Neoreactionaries Part One
7 March 2014
This is my first post and as such it should be unsurprising that the topic is the motivating force that inspired me to start this blog. In the last few weeks, I became aware of the Neoreactionary movement, sometimes called the “dark enlightenment”, and read a number of essays written by Neoreactionaries and also some arguments against their positions. As I digested these ideas, I realized that they challenge my entire framework of values and conception of the world, down to the very foundation. Think back to the Return of the King, when Frodo is on the edge of the precipice in Mt. Doom and cannot bring himself to cast the Ring into the fire but instead declares himself the master of the ring, and “the Power in Barad-dûr was shaken, and the Tower trembled from its foundations to its proud and bitter crown.” That’s how I felt. (I.e., like Sauron.)
In order to answer this challenge, first I have to understand it. (Luckily, unlike Sauron, I am not faced with imminent disaster in conjunction with this revelation.) This turns out to be difficult, because Neoreactionaries tend not to give very concise or clear summaries of their beliefs, and it seems that very few Progressives (i.e., mainstream thinkers) who debate with them understand them well enough to communicate about it clearly.
I will start this series by making my own effort to explain what Neoreactionaries believe. This seemed to me to be the best way to ensure that I understand what they are all about. Once I’ve done that, I will move on to evaluate my own feelings about the various points of contention, and hopefully by the end I will feel like my own worldview is once again stable and sound.
I am intentionally not providing many references because I want to present this material in my own way, rather than by suggesting specific readings and then commenting on them. If you really can’t stand the suspense or want to read about things in a Neoreactionary’s own words, I would recommend the blogger who goes by Mencius Moldbug. You can find an index of his blog posts here. You should start with the Gentle Introduction series.
Anyway, I intend to decompose the Neoreactionary position into four key areas that I think are essentially separate and independent, even though the case for the accuracy of their worldview is all about weaving these ideas together into a complete framework for understanding modern society.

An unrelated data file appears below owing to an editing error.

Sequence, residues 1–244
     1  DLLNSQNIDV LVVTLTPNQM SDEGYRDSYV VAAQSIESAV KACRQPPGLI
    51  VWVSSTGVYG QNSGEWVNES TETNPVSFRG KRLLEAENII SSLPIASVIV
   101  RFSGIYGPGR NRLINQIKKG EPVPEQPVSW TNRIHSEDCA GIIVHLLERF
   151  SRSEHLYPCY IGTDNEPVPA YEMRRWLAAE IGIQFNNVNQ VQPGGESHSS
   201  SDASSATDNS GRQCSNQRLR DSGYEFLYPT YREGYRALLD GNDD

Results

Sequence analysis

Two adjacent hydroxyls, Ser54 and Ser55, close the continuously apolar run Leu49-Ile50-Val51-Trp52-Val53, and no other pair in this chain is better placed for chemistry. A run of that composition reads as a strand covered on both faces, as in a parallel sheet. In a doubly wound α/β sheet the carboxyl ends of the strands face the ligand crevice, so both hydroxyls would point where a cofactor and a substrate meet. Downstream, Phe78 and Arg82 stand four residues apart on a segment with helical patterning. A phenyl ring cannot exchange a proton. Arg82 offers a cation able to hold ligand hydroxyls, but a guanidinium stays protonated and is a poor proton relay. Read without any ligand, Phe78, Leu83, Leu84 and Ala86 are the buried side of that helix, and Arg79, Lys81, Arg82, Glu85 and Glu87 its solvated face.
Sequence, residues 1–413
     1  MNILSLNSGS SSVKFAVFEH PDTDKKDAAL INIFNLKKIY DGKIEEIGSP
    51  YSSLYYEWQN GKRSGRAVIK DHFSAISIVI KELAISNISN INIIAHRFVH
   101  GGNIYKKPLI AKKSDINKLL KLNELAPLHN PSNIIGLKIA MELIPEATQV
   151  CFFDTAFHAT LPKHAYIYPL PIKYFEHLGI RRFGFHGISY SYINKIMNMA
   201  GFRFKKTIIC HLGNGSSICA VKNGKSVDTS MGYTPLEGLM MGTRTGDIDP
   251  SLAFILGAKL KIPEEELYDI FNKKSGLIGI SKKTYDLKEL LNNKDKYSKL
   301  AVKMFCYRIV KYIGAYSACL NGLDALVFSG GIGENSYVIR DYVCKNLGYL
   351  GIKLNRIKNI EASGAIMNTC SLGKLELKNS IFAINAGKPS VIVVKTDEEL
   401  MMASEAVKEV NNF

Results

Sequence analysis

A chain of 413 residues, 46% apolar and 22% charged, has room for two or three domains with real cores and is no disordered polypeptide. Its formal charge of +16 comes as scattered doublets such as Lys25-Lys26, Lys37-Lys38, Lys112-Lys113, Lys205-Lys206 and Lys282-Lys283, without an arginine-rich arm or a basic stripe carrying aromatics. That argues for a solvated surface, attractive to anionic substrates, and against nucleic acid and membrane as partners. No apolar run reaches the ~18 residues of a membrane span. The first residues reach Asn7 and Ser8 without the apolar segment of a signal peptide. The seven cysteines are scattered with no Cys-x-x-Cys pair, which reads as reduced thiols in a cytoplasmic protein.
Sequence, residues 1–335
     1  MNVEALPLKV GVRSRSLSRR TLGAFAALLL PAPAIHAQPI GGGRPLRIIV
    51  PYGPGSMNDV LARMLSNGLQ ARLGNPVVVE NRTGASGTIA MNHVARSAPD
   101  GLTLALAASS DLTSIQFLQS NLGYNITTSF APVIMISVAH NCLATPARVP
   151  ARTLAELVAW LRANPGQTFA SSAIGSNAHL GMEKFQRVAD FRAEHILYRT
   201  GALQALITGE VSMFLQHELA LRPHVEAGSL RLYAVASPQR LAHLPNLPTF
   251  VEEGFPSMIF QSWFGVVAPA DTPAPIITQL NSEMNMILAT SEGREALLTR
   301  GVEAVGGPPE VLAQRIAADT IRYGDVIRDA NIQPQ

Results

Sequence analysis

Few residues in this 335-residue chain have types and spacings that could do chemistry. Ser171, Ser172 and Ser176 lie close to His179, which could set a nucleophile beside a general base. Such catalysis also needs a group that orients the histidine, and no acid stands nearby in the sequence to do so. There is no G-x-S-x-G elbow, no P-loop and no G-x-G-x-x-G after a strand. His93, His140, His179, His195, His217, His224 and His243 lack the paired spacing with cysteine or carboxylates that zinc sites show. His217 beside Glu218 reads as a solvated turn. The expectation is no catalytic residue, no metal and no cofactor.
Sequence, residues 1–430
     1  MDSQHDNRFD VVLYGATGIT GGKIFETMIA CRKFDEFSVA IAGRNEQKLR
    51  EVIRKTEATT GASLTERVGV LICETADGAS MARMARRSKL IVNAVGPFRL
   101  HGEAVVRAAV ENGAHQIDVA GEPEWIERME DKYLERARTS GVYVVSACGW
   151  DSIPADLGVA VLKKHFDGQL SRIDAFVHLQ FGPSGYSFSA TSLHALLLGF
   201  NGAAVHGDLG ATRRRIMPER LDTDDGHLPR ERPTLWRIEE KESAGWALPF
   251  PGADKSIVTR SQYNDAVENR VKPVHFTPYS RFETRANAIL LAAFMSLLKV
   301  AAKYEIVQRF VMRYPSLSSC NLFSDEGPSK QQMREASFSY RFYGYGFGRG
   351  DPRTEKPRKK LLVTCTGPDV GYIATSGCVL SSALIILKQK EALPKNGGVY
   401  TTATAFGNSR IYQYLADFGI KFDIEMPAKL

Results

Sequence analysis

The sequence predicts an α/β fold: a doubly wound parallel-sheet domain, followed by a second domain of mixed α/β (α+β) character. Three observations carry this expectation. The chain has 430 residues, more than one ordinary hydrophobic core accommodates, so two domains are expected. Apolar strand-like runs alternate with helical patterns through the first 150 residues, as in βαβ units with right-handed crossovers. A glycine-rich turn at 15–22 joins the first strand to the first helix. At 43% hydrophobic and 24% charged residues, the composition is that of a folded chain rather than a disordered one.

1. There is a collection of liberal values that form an ideology (Progressivism) similar to (and founded in) religion, which has been extremely successful over the last three or four centuries to the extent that it now dominates Western thought.
2. Our current social and political order is vulnerable to certain feedback loops that cause undesirable outcomes.
3. Some (universally accepted) liberal values are wrong or at best mis-prioritized.
4. The world is worse off than it could have been if Western society had not moved so far left (in the social and political sense) over the past few hundred years.
The culmination of these ideas is that the truth of the world is very different from what is generally perceived; much of what comes out of academia, particularly that which applies to public policy, is misleading if not false; we are not as free as we think, etc.
Speaking broadly, it seems like the typical Progressive response to these things is as follows:
1. Call it crazy. (Usually this is easy because the Neoreactionary includes a lot of explanatory details that include some crazy stuff.)
2. Agreement, but noting that the problem is not nearly as extensive as the Neoreactionary portrays it to be, and can be addressed within the system.
3. Case-by-case defenses of varying degrees of strength, or on rare occasions, a shift in the direction of the Neoreactionary’s way of thinking.
4. Call it crazy. (Usually this is easy too. The problem is that in general Neoreactionaries are not neo-Luddites and don’t really believe that the world is truly a worse place to live than it was centuries ago, but the claim that “the world would have been better in this wildly different alternate history” is very difficult to argue convincingly, impossible to test, and fanciful, so they often end up instead trying to argue the more concrete but much crazier claim that the world/society are truly getting worse.)
These are the broad positions as I understand them so far. In the next few posts, I’ll go into these four areas in more detail and try to understand exactly what the Neoreactionaries believe and why, and then examine the main Progressive rebuttals, and conclude with my own view.